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How do you transform a corporate office building into a destination place? That was the challenge presented to ESI Design. The firm’s novel solutions include a modern-day interactive clock tower (“The Chromaphone”) and design features which connect interior and exterior spaces, creating an inviting experience for both tenants and visitors.
In the center of downtown Glendale, California, stands 101 North Brand, a 19-story office tower billed as “Glendale’s Trophy Address.”
But 101 North Brand was not always so high style. Built in 1990, the tower’s original design reflected the anonymous corporate architecture of that era. And as the building approached its 30th year, its owners, Beacon Capital Partners, decided to make some changes. But how to convert this corporate structure into something less “corporate?”
Enter ESI Design, the EGD firm tasked with transforming 101 North Brand into a more inviting place, one that could become a destination for both tenants and visitors.
ESI’s strategy included a redesigned—and reimagined—plaza and lobby, connecting both interior and exterior spaces with updated branding, landscaping and new architectural details, all working together to create more welcoming spaces.
“As experience designers, we’re really trying to take this kind of generic space and make it into a real place using all the tools at our disposal, whether they be signage and graphics or the design of architectural elements,” says Chris Niederer, ESI’s lead designer on the project. “We brought all of that together to create one cohesive experience making this building really feel unique.”
But ESI went one step further. In the plaza of 101 North Brand, they incorporated a large-scale Chromaphone or musical clock tower. This interactive work of public art serves as an iconic centerpiece for the refurbished plaza and a draw for both tenants and visitors.
“We were tasked with renovating this plaza in the heart of Glendale, and we found that a really interesting way to do that was to use the concept of a clock tower from village greens in the past,” explains Niederer. “This clock tower is integrated into the building and feels like an architectural piece.”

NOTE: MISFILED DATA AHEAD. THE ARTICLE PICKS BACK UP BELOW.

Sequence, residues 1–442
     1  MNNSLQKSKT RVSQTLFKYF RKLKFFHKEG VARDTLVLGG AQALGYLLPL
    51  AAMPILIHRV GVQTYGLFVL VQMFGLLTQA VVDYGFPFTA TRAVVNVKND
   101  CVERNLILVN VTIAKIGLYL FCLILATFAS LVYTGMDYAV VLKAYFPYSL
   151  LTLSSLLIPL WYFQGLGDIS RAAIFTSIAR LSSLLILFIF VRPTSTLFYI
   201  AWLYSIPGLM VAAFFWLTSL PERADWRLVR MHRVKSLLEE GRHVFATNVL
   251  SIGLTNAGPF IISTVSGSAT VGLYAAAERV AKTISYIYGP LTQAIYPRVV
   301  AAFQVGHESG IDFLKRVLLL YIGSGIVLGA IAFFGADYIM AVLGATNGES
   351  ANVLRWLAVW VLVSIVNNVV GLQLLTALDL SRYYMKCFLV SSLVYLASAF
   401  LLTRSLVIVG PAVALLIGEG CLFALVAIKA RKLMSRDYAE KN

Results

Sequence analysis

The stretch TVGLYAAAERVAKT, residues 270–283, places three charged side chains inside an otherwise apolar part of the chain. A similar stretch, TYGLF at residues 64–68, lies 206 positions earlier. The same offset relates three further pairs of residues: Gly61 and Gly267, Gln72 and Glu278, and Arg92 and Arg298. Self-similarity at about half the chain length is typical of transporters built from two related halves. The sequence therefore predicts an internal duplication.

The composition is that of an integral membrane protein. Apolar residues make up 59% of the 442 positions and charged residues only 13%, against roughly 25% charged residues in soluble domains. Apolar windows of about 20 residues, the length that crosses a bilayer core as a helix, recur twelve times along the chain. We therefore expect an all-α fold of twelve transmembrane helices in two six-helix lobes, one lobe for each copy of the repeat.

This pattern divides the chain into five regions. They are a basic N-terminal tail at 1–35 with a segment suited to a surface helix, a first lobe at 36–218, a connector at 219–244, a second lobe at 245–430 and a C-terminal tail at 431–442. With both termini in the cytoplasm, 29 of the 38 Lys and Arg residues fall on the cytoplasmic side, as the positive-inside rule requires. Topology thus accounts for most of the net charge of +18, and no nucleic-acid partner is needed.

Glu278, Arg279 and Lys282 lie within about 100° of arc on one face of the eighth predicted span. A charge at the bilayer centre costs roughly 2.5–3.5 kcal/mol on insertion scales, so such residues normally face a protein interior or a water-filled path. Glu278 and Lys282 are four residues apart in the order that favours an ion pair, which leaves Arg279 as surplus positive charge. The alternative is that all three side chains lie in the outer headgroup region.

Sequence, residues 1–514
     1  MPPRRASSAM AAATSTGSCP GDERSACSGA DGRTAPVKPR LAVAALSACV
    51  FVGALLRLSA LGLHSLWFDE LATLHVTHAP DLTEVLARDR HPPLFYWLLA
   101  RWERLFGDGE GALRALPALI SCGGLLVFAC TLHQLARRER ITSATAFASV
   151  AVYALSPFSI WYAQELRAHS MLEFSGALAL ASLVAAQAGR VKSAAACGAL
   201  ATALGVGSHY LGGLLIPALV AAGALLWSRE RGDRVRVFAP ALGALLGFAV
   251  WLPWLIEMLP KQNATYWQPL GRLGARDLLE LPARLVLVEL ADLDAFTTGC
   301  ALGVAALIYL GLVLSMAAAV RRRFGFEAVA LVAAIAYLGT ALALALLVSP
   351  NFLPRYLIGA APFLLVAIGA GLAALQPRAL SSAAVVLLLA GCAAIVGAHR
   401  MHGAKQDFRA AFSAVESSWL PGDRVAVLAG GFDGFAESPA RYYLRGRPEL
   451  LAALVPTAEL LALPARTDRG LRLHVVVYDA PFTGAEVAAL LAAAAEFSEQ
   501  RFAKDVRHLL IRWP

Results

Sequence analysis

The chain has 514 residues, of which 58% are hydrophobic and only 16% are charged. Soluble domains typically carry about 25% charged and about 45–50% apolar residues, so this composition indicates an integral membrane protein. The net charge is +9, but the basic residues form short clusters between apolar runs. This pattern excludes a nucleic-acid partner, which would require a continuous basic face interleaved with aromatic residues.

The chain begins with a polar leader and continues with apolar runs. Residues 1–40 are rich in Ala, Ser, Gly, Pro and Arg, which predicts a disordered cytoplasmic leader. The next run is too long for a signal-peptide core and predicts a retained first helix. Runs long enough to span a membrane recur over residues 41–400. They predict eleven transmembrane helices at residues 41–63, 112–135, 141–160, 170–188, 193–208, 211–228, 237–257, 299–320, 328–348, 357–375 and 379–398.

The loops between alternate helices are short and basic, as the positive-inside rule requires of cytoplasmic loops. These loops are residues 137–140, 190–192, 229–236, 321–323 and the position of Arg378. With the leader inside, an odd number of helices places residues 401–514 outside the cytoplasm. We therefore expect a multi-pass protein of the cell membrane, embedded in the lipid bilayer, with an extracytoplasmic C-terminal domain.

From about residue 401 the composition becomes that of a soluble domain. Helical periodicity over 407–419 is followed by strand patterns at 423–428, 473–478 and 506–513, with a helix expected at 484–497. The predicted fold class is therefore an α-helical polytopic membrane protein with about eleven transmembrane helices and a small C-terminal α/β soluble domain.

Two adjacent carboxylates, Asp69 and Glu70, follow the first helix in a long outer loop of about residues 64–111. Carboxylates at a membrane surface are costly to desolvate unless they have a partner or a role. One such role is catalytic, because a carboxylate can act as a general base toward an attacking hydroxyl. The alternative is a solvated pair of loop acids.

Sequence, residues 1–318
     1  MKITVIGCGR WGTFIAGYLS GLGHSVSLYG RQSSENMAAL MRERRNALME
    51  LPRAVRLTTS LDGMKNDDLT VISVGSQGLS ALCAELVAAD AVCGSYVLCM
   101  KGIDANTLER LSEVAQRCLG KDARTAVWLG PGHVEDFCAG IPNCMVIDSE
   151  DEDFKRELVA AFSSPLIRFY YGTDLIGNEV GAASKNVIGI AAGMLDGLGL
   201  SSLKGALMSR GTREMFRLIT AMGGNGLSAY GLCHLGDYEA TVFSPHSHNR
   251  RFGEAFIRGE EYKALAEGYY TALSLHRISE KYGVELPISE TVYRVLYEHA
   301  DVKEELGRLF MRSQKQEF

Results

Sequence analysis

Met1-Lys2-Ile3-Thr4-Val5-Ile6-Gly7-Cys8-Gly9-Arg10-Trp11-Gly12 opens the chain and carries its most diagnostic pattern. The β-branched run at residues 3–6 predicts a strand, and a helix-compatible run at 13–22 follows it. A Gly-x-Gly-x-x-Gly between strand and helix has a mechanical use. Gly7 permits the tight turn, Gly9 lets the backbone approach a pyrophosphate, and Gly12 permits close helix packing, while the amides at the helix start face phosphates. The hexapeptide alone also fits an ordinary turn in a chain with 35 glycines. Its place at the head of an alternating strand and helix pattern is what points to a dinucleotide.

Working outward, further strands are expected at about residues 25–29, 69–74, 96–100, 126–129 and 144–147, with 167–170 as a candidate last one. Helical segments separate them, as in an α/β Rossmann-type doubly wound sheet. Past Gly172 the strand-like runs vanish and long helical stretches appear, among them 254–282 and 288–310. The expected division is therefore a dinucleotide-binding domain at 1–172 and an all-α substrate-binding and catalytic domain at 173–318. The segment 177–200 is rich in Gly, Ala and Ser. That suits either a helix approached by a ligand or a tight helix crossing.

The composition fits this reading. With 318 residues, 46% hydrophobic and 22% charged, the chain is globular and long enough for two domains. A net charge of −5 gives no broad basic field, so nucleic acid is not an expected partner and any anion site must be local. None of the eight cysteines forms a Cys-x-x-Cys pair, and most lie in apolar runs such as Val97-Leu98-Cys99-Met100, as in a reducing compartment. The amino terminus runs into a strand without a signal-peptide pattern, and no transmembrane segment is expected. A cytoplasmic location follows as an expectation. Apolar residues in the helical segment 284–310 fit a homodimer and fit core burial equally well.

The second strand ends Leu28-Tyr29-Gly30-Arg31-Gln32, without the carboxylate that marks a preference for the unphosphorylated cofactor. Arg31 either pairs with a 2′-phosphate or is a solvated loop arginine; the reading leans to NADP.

Standing some five-stories tall, The Chromaphone displays the time of day (and night!) in large digital numerals. At the top of each hour, it chimes out the time, just as a traditional clock tower might.
But what makes The Chromaphone truly engaging is its interactive features. Five "touchpoints" or touch consoles on a deck overlooking the plaza enable visitors to create and broadcast their own musical compositions and change the visual patterns on the clock tower’s 28-feet-tall LED screen.
To keep users’ musical compositions from becoming cacophonous, The Chromaphone employs a pentatonic scale, a musical scale with five notes instead of eight. This allows one visitor or a group of visitors to play at one time—without creating clashing sounds.
“[The Chromaphone] is actually designed to be played by either one person or by multiple people,” says Niederer. “You can think of [the five touchpoints] almost as five different instruments in a band or like five keys on a keyboard.”
The Chromaphone also helps to connect 101 North Brand’s exterior plaza with its interior public spaces. The same digital media (specifically the images) playing on The Chromaphone are also played inside the building’s lobby. A signature red color, highlighting both exterior and interior design elements, further connects the outside with the inside.
To make all this happen, project leader Niederer worked with a team of professionals representing nearly every discipline, including graphic designers, sound designers, interior designers, media programmers, landscape architects, and fabricators.
And the response from the public?
“Overwhelmingly positive,” says Niederer. “It was really great to see people stopping by during install and asking what we were doing. North Brand is a very busy street, so people are super excited to play with [The Chromaphone] and see it come together.”
Want to learn more? Check out ESI Design’s web page about the 101 North Brand project at